Residential realty’s distress signals in 2017

Short-term investors had nothing to get excited about, while their long-term counterparts had reason to hope again as the market’s growth will be on much firmer grounds going forward
Representative Image; Insert: Anuj Puri, Chairman - ANAROCK  Property Consultants
Representative Image; Insert: Anuj Puri, Chairman - ANAROCK Property Consultants

Mumbai

The year that went by was a rough one for the Indian real estate sector with the implementation of RERA, GST (Goods and Services Tax), demonetisation and several other reforms and  initiatives. The residential market was beset by more policy changes in this single year than in the two preceding decades.
The resulting distress signals that this notoriously change-averse sector sent out were loud, though not necessarily clear. However, there were also positive  vibrations.
Last year, the residential property sector saw:
  • 45-50%  Fall in new launches across top 7 cities. The lowest rate of new project launches in last five years.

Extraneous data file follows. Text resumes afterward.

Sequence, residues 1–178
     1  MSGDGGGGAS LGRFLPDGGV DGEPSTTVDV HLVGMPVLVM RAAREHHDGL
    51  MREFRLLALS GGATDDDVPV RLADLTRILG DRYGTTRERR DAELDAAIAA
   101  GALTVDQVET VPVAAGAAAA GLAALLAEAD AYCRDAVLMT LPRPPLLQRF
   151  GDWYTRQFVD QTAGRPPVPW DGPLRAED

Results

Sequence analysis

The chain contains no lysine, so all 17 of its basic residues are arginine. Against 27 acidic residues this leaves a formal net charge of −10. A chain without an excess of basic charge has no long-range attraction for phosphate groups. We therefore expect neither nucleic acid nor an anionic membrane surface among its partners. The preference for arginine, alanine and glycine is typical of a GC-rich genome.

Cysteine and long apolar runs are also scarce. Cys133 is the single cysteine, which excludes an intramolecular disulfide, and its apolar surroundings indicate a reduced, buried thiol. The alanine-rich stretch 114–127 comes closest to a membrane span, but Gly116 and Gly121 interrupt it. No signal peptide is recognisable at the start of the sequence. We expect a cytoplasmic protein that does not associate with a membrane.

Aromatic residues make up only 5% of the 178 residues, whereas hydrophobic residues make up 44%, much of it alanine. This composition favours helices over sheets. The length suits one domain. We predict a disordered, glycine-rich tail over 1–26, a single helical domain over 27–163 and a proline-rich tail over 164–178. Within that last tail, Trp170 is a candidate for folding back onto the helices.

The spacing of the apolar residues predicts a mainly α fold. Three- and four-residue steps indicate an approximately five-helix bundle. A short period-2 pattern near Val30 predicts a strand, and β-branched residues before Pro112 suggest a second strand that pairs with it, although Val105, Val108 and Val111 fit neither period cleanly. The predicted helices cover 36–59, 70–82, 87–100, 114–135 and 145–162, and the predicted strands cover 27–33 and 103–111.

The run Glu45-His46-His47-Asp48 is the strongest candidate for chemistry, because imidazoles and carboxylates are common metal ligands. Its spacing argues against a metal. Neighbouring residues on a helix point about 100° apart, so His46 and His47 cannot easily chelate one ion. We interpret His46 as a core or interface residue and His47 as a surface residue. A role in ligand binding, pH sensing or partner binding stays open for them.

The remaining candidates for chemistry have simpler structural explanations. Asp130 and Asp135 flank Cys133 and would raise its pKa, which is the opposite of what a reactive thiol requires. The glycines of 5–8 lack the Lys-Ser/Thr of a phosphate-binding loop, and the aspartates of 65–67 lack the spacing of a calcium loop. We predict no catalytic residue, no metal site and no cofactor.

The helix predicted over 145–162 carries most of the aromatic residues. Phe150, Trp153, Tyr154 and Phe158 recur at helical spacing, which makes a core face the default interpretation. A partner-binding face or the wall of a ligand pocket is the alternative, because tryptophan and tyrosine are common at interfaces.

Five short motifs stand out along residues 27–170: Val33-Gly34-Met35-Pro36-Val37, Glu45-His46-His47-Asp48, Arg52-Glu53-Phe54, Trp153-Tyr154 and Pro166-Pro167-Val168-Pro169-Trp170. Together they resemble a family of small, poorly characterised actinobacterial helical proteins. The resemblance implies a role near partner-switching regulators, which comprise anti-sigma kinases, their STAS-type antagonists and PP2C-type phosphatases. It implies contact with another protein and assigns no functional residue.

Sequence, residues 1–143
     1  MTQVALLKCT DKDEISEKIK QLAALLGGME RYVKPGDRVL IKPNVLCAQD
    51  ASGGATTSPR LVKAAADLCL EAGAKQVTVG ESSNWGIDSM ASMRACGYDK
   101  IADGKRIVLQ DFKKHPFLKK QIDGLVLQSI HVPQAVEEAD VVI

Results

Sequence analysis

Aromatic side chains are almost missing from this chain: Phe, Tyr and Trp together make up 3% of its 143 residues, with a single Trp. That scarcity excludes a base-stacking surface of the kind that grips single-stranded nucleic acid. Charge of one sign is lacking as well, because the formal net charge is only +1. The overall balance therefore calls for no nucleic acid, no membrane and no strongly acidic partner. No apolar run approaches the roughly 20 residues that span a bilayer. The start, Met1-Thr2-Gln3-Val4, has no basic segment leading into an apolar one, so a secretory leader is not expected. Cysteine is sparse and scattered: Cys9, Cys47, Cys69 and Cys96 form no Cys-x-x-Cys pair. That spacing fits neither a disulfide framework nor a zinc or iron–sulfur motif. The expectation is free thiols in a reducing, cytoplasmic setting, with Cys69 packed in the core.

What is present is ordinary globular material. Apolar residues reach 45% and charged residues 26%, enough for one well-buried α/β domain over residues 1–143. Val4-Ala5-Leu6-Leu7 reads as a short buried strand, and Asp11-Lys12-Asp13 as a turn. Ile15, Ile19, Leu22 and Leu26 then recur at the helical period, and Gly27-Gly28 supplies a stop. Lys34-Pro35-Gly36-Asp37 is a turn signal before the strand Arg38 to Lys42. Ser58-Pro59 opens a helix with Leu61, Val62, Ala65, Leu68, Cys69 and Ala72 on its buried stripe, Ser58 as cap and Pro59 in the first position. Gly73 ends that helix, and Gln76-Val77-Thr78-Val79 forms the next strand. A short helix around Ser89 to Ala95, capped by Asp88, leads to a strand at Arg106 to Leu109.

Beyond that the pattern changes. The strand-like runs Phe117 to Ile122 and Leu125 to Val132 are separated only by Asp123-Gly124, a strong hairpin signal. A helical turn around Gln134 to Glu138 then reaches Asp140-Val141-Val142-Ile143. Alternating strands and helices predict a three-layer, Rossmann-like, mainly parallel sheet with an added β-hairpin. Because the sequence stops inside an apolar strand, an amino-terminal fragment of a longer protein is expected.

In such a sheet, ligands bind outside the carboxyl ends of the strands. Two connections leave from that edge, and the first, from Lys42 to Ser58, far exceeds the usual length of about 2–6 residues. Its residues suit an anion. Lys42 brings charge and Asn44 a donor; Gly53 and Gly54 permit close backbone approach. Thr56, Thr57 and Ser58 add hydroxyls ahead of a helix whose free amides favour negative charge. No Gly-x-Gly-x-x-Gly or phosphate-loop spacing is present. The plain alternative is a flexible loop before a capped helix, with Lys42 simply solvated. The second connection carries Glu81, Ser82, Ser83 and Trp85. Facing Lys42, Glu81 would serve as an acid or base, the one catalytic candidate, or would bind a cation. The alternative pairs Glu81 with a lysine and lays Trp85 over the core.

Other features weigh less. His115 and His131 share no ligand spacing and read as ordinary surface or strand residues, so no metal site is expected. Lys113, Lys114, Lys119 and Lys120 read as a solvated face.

• 1.25 lakh units– Number of new launches in top 7 cities in 2017.
  • 2.4 lakh units– Number of new launches in top 7 cities in 2016.
  • 45% of the overall residential supply – was accounted for by the affordable segment (defined by homes priced below Rs 40 lakh).
  • 3-7% price correction – In average property prices in top 7 cities in 2017. Prices stagnated due to a massive burden of unsold stock and low demand.
  • 25-35% Rise in inquiries and sales traction for ready-to-move-in homes in last two quarters of 2017, compared to previous quarters. Due to tax implications and ambiguity over GST on under-construction projects, most buyers opted for ready-to-move-in homes.
  • 35% drop in share of the residential real estate segment in PE (until November). This is compared to the 59% share in 2016. IT/ITeS and other commercial real estate remained the focus of institutional investors.
  • 6-9% Decline in unsold stock in 2017 over the previous year, recording around 6.9 lakh units in Q3 2017. For the last 6 quarters, units sold have surpassed new launches. Restricted launches, focus on clearing existing inventory led to decline in number of unsold units in top 7 cities.
Consolidations, exits and bankruptcy/insolvency: The stringent RERA compliance norms, coupled with steadily declining housing demand, led to the exit of many small and financially weaker players including builders, landowners and brokers. Additionally, the extending debt pressure, inability to execute projects and other financial challenges led to bankruptcy and insolvency of many developer

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